Restoring Main Hall

Old Main's Restoration

In the spring of 1976, a physical plant employee found a deteriorating and bulging pillar in the basement of the original part of Main Hall.1 It was the first serious sign of decay in the 92-year-old building – and a wake-up call for Cottey officials. Additional support was built around the damaged pillar, and the Cottey Board of Trustees asked architects and engineers to assess Main as a whole. The consultants reported that the building could continue to be used in the short term, but if they wished to preserve it, restoration would need to begin as soon as possible.

In 1977, the Board hired the firm of Horner, Blessing and Associates to perform a feasibility study on renovating or replacing Main Hall.2 The firm recommended restoring Old Main for $2.7 million, which would cost about 25% less than a new building of comparable size. The renovation project was approved at the 1979 convention of the International Chapter of the P.E.O.3 The Board then turned to the matter of money.

In 1979, P.E.O. proposed raising the Cottey assessment (the amount of money P.E.O.s give to the college each year) to $6.2 The Cottey assessment had not been changed since 1968. The increase was necessitated by inflation and the growing needs of the college – including the preservation of Main Hall. At last it was decided that the Cottey assessment would pay for $1 million of the project, while the other $1.7 million would be taken out of the Cottey Building Fund.4

Main Hall closed for renovation, 1980
Main Hall is closed for renovation, 1980.10
PEOs inspect Main Hall construction, 1980
Dr. Milam & International Chapter execs. inspect Main Hall, 1980.9 (Joan Bradshaw, Lilas Brandhorst, Lucille Smith, Evelyn Milam, Lillian Corley, Marjorie Smith.)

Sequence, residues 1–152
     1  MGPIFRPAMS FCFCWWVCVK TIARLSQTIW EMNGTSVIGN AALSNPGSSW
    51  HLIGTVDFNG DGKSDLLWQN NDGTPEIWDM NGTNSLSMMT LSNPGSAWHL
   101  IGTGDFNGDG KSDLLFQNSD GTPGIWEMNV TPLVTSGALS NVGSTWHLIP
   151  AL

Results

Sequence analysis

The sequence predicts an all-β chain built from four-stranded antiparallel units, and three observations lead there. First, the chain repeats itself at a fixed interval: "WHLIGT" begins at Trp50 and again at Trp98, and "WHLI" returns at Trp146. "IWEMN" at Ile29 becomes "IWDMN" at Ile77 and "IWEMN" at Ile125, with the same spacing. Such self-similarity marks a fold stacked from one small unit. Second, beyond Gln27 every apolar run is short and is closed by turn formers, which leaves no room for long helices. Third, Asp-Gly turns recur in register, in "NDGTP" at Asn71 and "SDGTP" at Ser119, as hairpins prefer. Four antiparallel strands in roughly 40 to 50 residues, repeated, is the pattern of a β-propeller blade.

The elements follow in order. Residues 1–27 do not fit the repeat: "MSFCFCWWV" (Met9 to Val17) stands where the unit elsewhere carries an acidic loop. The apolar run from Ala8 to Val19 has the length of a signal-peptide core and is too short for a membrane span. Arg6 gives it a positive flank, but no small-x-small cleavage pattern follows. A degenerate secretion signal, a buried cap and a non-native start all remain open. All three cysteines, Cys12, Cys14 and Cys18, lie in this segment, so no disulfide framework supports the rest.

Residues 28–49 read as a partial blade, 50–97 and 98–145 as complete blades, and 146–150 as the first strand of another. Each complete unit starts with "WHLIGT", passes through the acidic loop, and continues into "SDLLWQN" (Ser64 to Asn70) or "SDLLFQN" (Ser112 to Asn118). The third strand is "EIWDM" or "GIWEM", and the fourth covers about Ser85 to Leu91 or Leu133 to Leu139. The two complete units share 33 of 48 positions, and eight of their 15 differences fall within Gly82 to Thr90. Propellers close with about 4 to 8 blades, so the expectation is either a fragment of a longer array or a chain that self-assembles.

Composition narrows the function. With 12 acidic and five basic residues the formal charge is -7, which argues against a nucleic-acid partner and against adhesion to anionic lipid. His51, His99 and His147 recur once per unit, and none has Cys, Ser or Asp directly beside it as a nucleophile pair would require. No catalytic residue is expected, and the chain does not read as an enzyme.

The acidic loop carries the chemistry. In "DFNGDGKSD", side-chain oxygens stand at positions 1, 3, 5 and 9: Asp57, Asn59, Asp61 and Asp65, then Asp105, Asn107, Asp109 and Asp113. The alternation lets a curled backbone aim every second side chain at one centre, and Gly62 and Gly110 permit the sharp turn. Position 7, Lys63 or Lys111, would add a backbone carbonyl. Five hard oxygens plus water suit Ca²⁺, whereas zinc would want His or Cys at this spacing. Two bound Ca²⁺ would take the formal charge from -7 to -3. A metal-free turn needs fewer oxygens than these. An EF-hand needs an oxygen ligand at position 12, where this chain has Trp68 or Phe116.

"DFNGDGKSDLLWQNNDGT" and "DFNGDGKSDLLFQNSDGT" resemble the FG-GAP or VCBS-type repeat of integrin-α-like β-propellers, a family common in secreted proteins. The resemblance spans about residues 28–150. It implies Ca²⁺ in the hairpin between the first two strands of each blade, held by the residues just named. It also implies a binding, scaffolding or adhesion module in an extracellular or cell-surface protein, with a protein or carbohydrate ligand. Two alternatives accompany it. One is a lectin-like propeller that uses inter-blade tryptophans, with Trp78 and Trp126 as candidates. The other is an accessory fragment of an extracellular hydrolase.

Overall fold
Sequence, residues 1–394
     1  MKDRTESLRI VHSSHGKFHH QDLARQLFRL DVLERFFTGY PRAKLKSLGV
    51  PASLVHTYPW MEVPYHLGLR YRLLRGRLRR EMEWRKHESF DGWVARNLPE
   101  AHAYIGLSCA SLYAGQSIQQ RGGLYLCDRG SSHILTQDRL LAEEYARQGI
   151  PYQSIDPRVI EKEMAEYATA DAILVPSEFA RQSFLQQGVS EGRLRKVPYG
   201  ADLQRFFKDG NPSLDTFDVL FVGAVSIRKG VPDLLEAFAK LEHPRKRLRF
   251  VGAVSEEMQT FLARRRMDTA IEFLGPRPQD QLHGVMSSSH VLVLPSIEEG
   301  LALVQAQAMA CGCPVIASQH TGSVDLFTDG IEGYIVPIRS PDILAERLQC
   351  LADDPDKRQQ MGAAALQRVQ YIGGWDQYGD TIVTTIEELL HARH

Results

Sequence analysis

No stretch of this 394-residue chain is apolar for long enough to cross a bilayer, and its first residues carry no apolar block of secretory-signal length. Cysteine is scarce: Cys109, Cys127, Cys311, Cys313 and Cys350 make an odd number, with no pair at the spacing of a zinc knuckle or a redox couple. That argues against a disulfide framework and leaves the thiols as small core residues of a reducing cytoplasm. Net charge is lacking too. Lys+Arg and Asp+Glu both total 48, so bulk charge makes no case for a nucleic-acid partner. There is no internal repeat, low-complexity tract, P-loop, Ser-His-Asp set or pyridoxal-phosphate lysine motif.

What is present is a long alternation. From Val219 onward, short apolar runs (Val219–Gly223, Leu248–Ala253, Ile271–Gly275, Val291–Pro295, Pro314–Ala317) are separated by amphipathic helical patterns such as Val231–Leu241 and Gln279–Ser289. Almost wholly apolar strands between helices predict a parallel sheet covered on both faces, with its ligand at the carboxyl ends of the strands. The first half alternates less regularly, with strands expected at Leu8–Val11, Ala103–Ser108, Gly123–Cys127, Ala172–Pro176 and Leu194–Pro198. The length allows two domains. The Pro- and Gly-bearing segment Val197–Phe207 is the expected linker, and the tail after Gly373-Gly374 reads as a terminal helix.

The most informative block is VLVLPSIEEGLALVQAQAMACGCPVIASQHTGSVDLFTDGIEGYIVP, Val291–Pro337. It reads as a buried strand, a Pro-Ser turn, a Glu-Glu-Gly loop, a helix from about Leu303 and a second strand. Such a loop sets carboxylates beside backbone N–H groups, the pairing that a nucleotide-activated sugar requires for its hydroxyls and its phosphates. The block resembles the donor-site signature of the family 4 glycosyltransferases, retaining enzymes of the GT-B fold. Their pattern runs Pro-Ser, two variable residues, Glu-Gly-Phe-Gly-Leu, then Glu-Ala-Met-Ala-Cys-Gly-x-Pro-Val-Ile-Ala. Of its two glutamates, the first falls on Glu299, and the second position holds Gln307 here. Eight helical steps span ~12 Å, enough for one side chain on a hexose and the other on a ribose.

Main Hall renovation, 1981
Work on Old Main continues, 1981.3

The renovation of Main Hall involved completely gutting the building and demolishing the corridor between it and Rosemary Hall.5 Only the exterior facade and select interior architectural elements were preserved. Cottey personnel vacated Main Hall in June of 1980, moving their offices to a temporary building on the tennis court behind Rosemary and Neale halls. Groundbreaking for the remodel took place immediately following Commencement on May 18th, 1980.

Main’s interior floorplan was almost completely rearranged. On the second floor, new soundproof and air-conditioned studios and practice rooms were built for the music department. Classrooms and faculty offices were installed in the southern wing of the same floor. (In 1979, the conversion of the one large classroom in the Academic Building into an inorganic chemistry lab had created room shortages.) Administrative offices comprised most of the first floor, as well as the Student Bank and a conference room.6 The basement, including the old dining room, was remodeled to house the Cottey Bookstore (moved over from Hinkhouse), student organization offices, and the Service Center and Mail Room. The original dining room pillars, which had previously been covered, were exposed and preserved.3

Gutted Main Hall, 1981
All three stories of Main Hall are visible after the building is completely gutted, 1981.3
Gutted dining room in Main Hall, 1981
The old Main dining room is remodeled, 1981. These original pillars were preserved.3
Steel beams installed in Main Hall, 1981
Steel beams are installed in Main, 1981.3

Despite the many changes, Main’s entrance hall, parlor, and circular staircases remained essentially the same.5 The front doors’ beveled glass windows were saved, newly etched with the wallpaper pattern of the original building – a gift from the architects.6 Many of Main’s chandeliers were reinstalled in the entrance and parlor, and the original fireplace was preserved as well. Like the rest of Main, the hall and parlor had new carpet, tile, draperies, and wall coverings. Most of the original woodwork and the two circular staircases were repaired. The staircases, originally built in 1906, were reconstructed with fewer stairs, but retained their newel posts.

The finishing touches of the remodel are some of the most notable features. Cottey’s old class bell was put on display in one of the staircase towers.6 The other towers featured stained glass hangings that were found during the restoration and thought to be part of the original building. Externally, broken pieces of the building’s iron grillwork were replaced by the company that installed the original pieces. Similarly, the front porch’s tin ceiling was replaced with one of the same design by the W.F. Norman Sheet Metal Manufacturing Company. The entire renovation was finished by August of 1981, and then it was time to plan the rededication.